Flying in a Cloud

We had just gotten our second significant snowfall of the year. I was eager to do some KAP, since we don’t get that much snow here in Southern Maryland, and I’d never flown a kite or taken aerial photos in snow before. I missed the ideal time, which would have been during the afternoon of Friday, Feb. 12, but the forecast looked good for wind on Sunday morning.

I packed up my gear and headed over to Chancellor’s Run Park, which is nearby my house and is known to have nice views of Lexington Park and California, MD when looking to the north. The cover photo on the home page of this website is one such example. I thought it would be nice to see what that landscape looks like when covered in snow. Since I’ve done KAP from this park several times before, I decided to switch it up a little bit and fly from a soccer field on the northwest side of the park, rather than the central baseball fields that I normally choose.

By this time, the temperature was well above freezing, and the ice and snow were melting. The ground was quite wet and soggy, and water was dripping from the stadium lights overhead. There was snow remaining on the ground, though, so there was still hope of capturing some nice frozen landscapes. The wind at ground level was light, so I set up the big Barn Door kite and did a running launch. It took a couple attempts and bridle adjustments, but eventually I got it flying and trimmed out well.

Here are a couple low-altitude shots near the launch site. It is pretty obvious from the second photo just 100 or 200 feet up that the visibility was going to be poor. From the ground, I could tell that there were low clouds, but I didn’t know how low. I would soon find out. 🙂

To add some more variety, I took a walk with the kite along the parking lot towards the building with a flag in front of it that can be seen in the second photo above. I let out more line as I went and carefully maneuvered the kite line over the stadium lights and trees. Once the kite reached approximately 400 feet above the ground, it started disappearing in the clouds! This was a new experience for me, and kind of fun! It is weird to have a kite line in my hand going up into the sky with nothing visible attached to the end of it, as if I were doing some sort of sky fishing.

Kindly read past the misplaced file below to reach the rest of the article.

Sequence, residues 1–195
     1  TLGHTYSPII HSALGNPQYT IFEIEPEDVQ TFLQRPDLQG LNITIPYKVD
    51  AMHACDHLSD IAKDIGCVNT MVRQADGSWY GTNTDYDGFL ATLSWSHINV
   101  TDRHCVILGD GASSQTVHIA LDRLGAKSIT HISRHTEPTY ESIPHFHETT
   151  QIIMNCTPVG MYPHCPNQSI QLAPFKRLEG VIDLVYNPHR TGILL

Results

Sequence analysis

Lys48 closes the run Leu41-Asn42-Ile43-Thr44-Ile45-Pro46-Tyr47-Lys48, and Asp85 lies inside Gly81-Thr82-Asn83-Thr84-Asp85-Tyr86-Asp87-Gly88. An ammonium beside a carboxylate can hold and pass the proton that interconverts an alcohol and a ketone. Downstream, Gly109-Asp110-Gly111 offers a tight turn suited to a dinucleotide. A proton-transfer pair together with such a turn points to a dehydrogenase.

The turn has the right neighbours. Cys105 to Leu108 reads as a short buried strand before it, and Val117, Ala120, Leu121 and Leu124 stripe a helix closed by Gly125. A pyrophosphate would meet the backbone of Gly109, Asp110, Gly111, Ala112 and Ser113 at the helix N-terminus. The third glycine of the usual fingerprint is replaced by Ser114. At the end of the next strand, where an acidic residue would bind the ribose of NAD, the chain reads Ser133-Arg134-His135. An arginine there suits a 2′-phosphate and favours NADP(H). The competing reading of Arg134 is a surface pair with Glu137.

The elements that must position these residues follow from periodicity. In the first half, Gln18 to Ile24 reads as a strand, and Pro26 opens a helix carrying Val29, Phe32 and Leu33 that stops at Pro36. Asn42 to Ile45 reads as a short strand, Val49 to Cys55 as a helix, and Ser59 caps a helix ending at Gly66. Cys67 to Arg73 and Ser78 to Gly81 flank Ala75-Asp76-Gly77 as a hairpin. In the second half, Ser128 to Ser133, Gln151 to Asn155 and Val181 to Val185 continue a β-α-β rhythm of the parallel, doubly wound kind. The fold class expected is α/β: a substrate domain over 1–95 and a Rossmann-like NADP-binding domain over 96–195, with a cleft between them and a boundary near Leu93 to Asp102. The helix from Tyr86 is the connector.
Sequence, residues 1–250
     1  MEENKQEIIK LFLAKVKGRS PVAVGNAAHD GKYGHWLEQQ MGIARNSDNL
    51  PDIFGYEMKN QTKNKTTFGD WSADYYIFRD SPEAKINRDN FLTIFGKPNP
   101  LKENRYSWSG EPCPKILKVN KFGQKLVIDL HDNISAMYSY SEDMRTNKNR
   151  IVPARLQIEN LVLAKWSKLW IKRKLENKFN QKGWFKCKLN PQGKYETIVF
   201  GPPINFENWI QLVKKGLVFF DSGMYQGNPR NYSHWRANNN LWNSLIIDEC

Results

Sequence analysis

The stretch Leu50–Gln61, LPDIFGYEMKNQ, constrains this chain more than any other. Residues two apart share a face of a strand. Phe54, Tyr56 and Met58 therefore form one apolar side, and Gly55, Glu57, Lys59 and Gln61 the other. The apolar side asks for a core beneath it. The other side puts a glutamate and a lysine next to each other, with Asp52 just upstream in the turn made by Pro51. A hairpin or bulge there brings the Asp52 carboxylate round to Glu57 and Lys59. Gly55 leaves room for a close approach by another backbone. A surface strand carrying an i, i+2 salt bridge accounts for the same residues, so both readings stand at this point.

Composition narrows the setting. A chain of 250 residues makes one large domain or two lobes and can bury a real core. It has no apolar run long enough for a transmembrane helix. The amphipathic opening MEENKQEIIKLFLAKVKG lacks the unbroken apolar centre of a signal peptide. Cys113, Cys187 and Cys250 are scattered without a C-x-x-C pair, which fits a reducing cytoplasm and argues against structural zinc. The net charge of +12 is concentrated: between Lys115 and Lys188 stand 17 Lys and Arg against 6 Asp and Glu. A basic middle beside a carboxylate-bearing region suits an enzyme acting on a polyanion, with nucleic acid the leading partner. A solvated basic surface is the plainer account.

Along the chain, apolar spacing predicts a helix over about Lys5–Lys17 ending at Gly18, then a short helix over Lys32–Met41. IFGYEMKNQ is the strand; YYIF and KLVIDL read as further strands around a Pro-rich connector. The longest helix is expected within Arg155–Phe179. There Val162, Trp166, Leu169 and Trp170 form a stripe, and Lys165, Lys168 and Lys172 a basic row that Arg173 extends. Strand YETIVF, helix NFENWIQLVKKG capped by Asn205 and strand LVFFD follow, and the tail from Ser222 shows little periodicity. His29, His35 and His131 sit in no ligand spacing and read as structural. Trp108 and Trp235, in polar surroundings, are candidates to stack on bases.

Normally, flying a kite in the clouds is probably not a great idea, but considering how low they were and the really poor visibility, there was no chance of an aircraft flying by and hitting it. There was also no one else in the entire park — not surprisingly, given the weather — so if something happened to the kite while in the cloud and it ended up crashing, there wouldn’t be any injuries or property damage. Here are a couple images of the kite disappearing and reappearing in the clouds. I would have liked to get one just showing the line and KAP rig below the clouds, but it was pretty much impossible to get the camera to pick that up and focus on it.

Obviously, with the lack of visibility, I wasn’t able to capture the snowy landscape how I wanted, but this was still fun and a bit different. The best pictures from the session were probably the lower altitude ones, like the one showing the baseball field below. The cover photo for this post is also reproduced as the second picture in the gallery below. I like this one because it is relatively clear but still gives an idea of how cloudy the conditions were that day. The third one shows the camera’s perspective when it was almost fully engulfed in the cloud. The kite, attached 200 feet beyond the camera, was certainly invisible at this point!

As I write this post, it is now March, and things are starting to warm up again, so it’s unlikely I’ll get a chance to capture the snowy landscape I was hoping for. Maybe next year!

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